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Thread: Finding eigenvalues

  1. #1
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    Finding eigenvalues

    Let $\displaystyle T: P_2 \mapsto P_2$ be defined by T(p)=xp'. Find eigenvalues of T.

    I'm not sure what the notation of T(p)=xp' means and how to go about finding the eigenvalues.

    Thanks.
    Last edited by wattkow; May 17th 2010 at 08:23 AM.
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  2. #2
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    Quote Originally Posted by wattkow View Post
    Let $\displaystyle T: P_2 \mapsto P_2$ be defined by T(p)=xp'. Find eigenvalues of T.

    I'm not sure what the notation of T(p)=xp' means and how to go about finding the eigenvalues.

    Thanks.
    That is the linear transformation which is x times the derivative of the polynomial.
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  3. #3
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    Quote Originally Posted by dwsmith View Post
    That is the linear transformation which is x times the derivative of the polynomial.
    Ok, so p is a polynomial? How would I go about finding eigenvalues for said polynomial?
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    Quote Originally Posted by wattkow View Post
    Ok, so p is a polynomial? How would I go about finding eigenvalues for said polynomial?
    I am assuming P is a polynomial since we are mapping $\displaystyle P_2$ on $\displaystyle P_2$. Unless your book notates this differently, I am almost positive these are polynomials; however, different books notate $\displaystyle P_2$ differently. For instance, mine says $\displaystyle P_2$ are polynomial of degree 1 or less. Thus, the 2 in $\displaystyle P_2$ is the amount of elements {1, x} but some books refer to $\displaystyle P_2$ as degree two or less, {$\displaystyle 1$, $\displaystyle x$, $\displaystyle x^2$}. What does your book say?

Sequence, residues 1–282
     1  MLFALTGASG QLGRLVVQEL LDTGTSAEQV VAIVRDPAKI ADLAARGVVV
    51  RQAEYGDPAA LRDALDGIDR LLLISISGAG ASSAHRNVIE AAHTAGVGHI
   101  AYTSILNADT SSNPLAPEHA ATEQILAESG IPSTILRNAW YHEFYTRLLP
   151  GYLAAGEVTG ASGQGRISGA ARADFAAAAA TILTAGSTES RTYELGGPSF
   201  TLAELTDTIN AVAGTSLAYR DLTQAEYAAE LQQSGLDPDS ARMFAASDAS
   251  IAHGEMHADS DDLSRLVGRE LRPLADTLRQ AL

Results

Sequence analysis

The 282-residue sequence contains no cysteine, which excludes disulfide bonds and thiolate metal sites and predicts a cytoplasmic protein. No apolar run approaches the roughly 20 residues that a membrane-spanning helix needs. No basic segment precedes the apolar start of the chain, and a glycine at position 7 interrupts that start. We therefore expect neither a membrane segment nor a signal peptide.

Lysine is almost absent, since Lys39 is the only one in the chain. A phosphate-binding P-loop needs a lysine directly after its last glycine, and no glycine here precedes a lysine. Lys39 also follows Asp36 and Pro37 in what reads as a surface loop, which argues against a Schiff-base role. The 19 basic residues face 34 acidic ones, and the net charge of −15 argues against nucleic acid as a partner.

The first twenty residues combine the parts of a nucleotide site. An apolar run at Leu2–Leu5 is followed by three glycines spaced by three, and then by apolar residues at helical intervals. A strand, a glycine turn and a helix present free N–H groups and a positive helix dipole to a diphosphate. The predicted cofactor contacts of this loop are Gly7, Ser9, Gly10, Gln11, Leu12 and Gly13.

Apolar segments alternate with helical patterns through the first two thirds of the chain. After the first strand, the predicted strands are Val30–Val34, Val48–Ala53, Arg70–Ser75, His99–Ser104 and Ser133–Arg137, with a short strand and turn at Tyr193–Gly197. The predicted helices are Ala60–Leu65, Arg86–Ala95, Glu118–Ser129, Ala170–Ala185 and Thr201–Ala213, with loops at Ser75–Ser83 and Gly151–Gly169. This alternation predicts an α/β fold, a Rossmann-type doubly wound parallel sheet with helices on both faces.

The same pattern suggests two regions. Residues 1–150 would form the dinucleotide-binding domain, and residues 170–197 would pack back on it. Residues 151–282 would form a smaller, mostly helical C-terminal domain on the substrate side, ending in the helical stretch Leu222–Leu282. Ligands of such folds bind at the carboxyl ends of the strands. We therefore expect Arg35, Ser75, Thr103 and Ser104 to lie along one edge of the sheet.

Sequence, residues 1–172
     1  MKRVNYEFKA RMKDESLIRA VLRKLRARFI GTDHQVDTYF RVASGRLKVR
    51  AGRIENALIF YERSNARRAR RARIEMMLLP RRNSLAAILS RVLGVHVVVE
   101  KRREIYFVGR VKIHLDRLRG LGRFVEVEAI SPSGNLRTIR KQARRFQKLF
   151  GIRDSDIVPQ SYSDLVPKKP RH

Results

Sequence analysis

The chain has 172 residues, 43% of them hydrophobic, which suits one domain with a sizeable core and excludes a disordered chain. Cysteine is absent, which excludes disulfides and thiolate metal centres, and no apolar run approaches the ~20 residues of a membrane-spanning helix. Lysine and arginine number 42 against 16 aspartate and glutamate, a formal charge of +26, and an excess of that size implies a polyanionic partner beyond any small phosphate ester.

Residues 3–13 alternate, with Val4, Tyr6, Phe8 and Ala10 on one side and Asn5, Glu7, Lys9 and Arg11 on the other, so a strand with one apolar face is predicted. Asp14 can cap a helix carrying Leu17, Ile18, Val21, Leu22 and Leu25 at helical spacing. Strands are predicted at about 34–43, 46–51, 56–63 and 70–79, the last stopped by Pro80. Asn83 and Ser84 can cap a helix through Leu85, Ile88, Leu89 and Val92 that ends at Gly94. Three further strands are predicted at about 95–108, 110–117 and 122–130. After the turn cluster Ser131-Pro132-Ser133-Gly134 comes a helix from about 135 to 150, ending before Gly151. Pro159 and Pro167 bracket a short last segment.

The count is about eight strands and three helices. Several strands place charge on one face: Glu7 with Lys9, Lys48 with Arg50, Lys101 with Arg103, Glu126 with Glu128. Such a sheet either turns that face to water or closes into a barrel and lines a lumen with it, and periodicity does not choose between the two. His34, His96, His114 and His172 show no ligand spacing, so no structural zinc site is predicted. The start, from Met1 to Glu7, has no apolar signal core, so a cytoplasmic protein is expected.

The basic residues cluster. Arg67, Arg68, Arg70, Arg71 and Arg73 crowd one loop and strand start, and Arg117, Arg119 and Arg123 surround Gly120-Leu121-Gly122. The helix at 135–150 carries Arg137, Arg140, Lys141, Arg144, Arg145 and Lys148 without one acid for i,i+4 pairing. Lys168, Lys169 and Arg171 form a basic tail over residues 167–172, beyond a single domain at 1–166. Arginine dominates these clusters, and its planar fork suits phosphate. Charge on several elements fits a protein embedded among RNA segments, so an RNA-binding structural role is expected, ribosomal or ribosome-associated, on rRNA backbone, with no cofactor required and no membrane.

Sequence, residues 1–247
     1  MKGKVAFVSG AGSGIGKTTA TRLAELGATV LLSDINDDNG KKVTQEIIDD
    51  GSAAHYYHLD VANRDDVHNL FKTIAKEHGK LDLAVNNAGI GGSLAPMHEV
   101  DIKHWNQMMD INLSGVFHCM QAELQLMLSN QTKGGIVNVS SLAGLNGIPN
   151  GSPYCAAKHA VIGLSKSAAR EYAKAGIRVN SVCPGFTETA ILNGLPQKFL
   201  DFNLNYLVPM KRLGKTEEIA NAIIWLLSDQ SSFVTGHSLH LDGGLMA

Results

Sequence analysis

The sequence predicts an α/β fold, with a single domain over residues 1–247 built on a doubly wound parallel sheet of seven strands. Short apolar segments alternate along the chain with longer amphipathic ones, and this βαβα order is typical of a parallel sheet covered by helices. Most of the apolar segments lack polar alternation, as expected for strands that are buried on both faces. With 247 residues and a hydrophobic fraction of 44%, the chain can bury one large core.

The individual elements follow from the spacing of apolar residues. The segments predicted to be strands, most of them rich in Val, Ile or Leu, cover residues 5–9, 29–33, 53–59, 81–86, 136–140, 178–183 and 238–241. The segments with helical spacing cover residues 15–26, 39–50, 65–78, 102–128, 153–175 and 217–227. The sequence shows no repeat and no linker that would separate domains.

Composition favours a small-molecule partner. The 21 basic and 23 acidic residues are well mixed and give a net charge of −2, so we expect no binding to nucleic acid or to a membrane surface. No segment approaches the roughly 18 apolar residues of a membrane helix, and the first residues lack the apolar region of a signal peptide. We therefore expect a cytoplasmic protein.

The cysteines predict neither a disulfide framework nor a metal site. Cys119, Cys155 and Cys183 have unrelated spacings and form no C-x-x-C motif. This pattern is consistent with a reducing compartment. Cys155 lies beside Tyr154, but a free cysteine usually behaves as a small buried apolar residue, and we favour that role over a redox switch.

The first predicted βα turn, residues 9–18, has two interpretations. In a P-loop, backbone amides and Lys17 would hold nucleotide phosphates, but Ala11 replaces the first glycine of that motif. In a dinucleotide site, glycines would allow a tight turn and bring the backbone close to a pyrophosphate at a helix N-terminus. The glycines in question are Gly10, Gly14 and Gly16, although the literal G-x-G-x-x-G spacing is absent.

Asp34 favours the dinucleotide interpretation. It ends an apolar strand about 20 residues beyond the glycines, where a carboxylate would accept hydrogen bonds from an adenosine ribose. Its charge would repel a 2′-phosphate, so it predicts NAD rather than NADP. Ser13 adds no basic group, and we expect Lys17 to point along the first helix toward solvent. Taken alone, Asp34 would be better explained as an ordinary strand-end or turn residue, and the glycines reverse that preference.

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    Quote Originally Posted by dwsmith View Post
    I am assuming P is a polynomial since we are mapping $\displaystyle P_2$ on $\displaystyle P_2$. Unless your book notates this differently, I am almost positive these are polynomials; however, different books notate $\displaystyle P_2$ differently. For instance, mine says $\displaystyle P_2$ are polynomial of degree 1 or less. Thus, the 2 in $\displaystyle P_2$ is the amount of elements {1, x} but some books refer to $\displaystyle P_2$ as degree two or less, {$\displaystyle 1$, $\displaystyle x$, $\displaystyle x^2$}. What does your book say?
    I believe in my case it's the 2nd degree polynomial.
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    Quote Originally Posted by wattkow View Post
    I believe in my case it's the 2nd degree polynomial.
    Ok so your linear transformation goes from $\displaystyle ax^2+bx+c\rightarrow xp'(x)=x(2ax+b)=2ax^2+bx$.

    Now you need to find the eigenvalues of the linear transformation.
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  7. #7
    Super Member Random Variable's Avatar
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    I would do the following:

    A basis for $\displaystyle P_{2} $ is $\displaystyle \{1,x,x^{2} \} $

    $\displaystyle T(1) = 0 $

    $\displaystyle T(x) = x $

    and $\displaystyle T(x^{2}) = 2x^{2} $

    so the transformation matrix is $\displaystyle \begin{bmatrix}
    0 & 0 & 0 \\
    0 & 1 & 0\\
    0 & 0 & 2
    \end{bmatrix} $

    which has eigenvalues 0,1, and 2
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  8. #8
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    Quote Originally Posted by wattkow View Post
    I believe in my case it's the 2nd degree polynomial.
    The "set of all 2nd degree polynomials" does not form a vector space. As dwsmith said, $\displaystyle P_2$ is the set of all polynomials of degree 2 or less.

    Random Variable showed how to represent this transformation as a matrix- worth knowing for itself.

    But for this problem, you don't have to do that. As dwsmith said, if $\displaystyle p= ax^2+ bx+ c$, then $\displaystyle T(p)= xp'= x(2ax+ b)= 2ax^2+ bx$. If $\displaystyle \lambda$ is an eigenvalue for T, we must have some a, b, c, not all 0, such that $\displaystyle T(p)= 2ax^2+ bx= \lambda(ax^2+ bx+ c)$. Since that must be true for all x, we can set corresponding coefficients equal: $\displaystyle 2a= \lambda a$, $\displaystyle b= \lambda b$, and $\displaystyle 0= \lambda c$.

    If a is not 0, then $\displaystyle \lambda= 2$, if b is not 0, then $\displaystyle \lambda= 1$, and if c is not 0, then $\displaystyle \lambda= 0$.

    That is, 0 is an eigenvalue with eigenvectors any multiple of 1, 1 is an eigenvalue with eigenvectors any multiple of x, and 2 is an eigenvalue with eigenvectors any multiple of $\displaystyle x^2$, exactly what Random Variable got.
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  9. #9
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    Thanks fellas.
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